It Turns Out that Using Drones to Smuggle Drugs is Illegal

In an innovative use of existing criminal statutes, the US Attorney for the Middle District of Georgia has secured a guilty plea from a man accused of planning to use an unmanned aircraft system (UAS or drone) to smuggle marijuana into a state prison.  The crime?  A federal charge under 49 USC § 46306 (b)(6) and (c)(2), which makes it unlawful to “knowingly and willfully operate[] or attempt[] to operate an aircraft eligible for registration knowing that” the aircraft is not registered, and which imposes a five year prison sentence if the offense is “related to transporting a controlled substance by aircraft.”

In this case, Eric Lee Brown was found sitting in a parked car near the state prison in Autry, Georgia with a consumer drone (a DJI Phantom IV) and two bags of marijuana, weighing approximately 294 grams. Search warrants turned up “detailed conversations about using the drone to drop drugs into the prison,” according to the U.S. Attorney’s Office.  Mr. Brown had not registered the drone.  Although he did not actually smuggle any drugs into the prison, the facts were enough for him to plead guilty to a crime “related to” transporting controlled substances.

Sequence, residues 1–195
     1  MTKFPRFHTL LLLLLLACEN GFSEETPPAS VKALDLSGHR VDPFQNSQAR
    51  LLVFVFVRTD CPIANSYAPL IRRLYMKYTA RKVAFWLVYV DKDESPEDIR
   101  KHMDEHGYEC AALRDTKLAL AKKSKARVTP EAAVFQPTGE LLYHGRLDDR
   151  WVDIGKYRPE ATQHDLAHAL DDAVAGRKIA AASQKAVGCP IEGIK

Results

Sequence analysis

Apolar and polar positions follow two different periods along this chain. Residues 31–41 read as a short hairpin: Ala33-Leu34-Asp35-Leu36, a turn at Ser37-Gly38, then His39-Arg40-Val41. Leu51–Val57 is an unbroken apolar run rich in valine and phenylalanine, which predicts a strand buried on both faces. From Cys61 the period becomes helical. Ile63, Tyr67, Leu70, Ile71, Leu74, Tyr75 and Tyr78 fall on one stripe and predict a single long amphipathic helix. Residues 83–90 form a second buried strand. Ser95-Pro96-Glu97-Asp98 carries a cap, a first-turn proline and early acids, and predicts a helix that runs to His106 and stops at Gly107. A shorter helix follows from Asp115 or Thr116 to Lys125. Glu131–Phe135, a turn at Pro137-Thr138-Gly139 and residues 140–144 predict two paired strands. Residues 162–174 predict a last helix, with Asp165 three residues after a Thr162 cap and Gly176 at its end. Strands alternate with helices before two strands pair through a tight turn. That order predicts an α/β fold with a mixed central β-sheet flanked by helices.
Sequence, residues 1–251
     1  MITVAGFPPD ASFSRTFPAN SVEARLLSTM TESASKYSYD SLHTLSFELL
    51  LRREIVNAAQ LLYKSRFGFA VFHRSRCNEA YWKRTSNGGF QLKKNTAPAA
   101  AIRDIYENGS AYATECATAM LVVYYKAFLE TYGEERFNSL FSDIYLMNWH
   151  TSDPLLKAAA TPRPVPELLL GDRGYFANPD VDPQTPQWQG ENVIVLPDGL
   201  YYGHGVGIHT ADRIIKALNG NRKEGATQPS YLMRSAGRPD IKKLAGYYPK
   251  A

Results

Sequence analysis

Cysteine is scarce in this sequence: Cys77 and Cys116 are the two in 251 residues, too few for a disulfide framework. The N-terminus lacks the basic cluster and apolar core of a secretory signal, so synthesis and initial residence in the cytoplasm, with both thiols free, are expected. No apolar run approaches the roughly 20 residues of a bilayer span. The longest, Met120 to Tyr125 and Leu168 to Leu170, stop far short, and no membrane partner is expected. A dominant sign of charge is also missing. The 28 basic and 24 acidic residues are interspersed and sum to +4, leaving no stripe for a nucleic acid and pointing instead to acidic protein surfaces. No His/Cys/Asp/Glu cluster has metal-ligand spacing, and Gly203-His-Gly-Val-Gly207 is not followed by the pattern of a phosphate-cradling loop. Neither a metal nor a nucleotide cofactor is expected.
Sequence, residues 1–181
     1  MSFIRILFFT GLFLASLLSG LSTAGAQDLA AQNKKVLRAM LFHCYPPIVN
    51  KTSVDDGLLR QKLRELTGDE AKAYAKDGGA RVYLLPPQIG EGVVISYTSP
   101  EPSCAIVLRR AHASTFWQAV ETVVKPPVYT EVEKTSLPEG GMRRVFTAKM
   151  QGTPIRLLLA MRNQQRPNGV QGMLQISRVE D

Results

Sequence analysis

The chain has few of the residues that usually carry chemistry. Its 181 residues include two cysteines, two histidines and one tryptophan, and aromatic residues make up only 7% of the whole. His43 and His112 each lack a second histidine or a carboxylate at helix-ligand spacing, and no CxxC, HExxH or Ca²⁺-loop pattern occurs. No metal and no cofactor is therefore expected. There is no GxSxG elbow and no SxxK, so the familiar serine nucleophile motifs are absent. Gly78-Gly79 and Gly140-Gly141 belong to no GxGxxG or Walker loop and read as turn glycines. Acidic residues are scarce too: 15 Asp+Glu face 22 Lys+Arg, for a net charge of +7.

Section 46306 is not a drone-specific law.  In fact, the statute dates back to the early-1990s, well before the current interest in consumer drones, and it appears to have been intended to target smugglers using manned aircraft to transport drugs. At the time, civilian aircraft modified to carry large quantities of drugs were making headlines across the country, some involving planes whose “identification numbers were forcibly removed.”   

But this application of Section 46306 illustrates one of the natural consequences of integrating unmanned aircraft—even small, lightweight examples—into the National Airspace System (NAS).  By recognizing that consumer drones are “aircraft,” federal law imposes a variety of rights and responsibilities on operators of those machines, from the right to access the NAS under Section 40103 to protection from interference or destruction under Title 18’s criminal provisions.  Prosecuting a UAS operator for not registering his drone and for attempting to use the drone in drug smuggling are novel but wholly logical applications of these broad, general principles.  It’s also a continuation of a trend we’ve written about before—a shift from emphasizing the ways in which UAS are different from traditional aircraft and need their own legal frameworks to a focus on how to leverage existing regulatory frameworks and processes and apply them to UAS.  We’ve seen this shift in the context of how to expand the lawful use of UAS, but the innovative use of existing statutes to prosecute problematic UAS operations is another manifestation of this change.